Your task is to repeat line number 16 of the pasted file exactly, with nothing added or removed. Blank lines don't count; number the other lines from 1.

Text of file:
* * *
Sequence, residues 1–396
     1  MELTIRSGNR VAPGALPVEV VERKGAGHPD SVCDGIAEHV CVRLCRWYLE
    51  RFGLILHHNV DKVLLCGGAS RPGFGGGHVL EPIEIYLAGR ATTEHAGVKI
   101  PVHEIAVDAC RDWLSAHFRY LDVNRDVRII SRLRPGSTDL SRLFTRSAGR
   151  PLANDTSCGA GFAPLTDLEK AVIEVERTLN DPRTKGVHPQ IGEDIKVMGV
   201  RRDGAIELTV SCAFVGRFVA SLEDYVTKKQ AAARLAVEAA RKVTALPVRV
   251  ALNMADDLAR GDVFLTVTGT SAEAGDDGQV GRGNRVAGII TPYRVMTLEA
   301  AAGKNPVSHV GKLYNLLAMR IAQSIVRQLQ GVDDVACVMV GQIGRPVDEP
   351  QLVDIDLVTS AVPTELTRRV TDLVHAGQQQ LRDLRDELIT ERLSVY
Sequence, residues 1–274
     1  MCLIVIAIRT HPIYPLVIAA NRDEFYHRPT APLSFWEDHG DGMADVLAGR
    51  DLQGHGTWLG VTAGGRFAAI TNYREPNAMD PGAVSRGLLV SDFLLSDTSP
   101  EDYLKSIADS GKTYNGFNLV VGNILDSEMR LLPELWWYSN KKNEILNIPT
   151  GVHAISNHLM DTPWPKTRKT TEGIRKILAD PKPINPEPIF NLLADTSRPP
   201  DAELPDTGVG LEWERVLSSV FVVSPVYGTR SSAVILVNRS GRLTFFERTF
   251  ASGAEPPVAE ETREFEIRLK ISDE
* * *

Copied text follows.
   251  ASGAEPPVAE ETREFEIRLK ISDE